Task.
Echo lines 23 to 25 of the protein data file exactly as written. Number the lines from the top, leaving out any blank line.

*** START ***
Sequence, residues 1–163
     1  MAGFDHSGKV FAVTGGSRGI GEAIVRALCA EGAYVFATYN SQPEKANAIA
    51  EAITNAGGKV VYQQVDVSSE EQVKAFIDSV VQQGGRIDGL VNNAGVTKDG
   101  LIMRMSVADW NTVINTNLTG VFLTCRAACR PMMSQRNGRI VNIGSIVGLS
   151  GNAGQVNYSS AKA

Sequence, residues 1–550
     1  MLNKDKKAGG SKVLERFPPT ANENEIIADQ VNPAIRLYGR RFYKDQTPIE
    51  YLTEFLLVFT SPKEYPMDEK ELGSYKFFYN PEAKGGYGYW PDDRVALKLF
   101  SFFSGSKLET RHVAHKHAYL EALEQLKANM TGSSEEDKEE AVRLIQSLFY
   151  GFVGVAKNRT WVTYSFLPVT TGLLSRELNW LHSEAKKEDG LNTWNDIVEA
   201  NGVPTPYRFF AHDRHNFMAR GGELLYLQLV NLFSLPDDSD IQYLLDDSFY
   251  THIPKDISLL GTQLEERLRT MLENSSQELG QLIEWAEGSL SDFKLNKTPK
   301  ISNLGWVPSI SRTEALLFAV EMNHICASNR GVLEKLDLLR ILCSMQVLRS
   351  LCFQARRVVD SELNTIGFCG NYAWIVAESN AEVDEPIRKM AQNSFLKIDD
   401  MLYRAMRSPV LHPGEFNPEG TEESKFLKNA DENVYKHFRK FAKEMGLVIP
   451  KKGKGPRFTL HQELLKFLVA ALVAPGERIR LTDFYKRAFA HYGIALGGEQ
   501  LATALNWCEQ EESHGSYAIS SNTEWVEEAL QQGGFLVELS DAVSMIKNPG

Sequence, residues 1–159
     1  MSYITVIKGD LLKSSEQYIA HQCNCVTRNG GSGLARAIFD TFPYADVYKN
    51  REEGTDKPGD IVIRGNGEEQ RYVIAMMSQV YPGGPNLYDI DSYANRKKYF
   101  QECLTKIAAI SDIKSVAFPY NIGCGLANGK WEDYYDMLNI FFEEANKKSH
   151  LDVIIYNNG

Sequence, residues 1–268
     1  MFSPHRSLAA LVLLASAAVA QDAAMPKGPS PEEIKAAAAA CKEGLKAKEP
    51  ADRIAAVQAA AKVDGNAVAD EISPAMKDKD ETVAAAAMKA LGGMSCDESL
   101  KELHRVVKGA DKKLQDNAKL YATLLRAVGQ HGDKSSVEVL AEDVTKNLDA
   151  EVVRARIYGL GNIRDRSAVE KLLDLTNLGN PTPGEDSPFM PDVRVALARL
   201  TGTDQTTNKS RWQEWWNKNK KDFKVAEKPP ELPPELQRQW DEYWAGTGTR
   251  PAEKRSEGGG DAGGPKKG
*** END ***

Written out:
Sequence, residues 1–268
     1  MFSPHRSLAA LVLLASAAVA QDAAMPKGPS PEEIKAAAAA CKEGLKAKEP
    51  ADRIAAVQAA AKVDGNAVAD EISPAMKDKD ETVAAAAMKA LGGMSCDESL